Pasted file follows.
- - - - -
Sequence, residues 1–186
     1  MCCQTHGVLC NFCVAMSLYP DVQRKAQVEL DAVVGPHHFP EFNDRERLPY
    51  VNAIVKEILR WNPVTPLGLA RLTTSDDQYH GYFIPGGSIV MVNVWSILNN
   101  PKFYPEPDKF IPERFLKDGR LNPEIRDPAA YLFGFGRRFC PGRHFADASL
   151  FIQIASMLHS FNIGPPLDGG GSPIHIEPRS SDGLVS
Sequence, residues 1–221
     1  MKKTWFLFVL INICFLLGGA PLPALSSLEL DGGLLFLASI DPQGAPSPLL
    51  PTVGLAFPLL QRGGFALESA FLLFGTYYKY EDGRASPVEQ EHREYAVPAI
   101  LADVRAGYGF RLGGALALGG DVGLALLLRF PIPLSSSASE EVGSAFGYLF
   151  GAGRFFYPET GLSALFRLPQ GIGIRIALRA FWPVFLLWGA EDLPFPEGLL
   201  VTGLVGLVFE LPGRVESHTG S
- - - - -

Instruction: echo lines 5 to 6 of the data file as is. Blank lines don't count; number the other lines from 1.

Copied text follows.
   151  FIQIASMLHS FNIGPPLDGG GSPIHIEPRS SDGLVS
Sequence, residues 1–221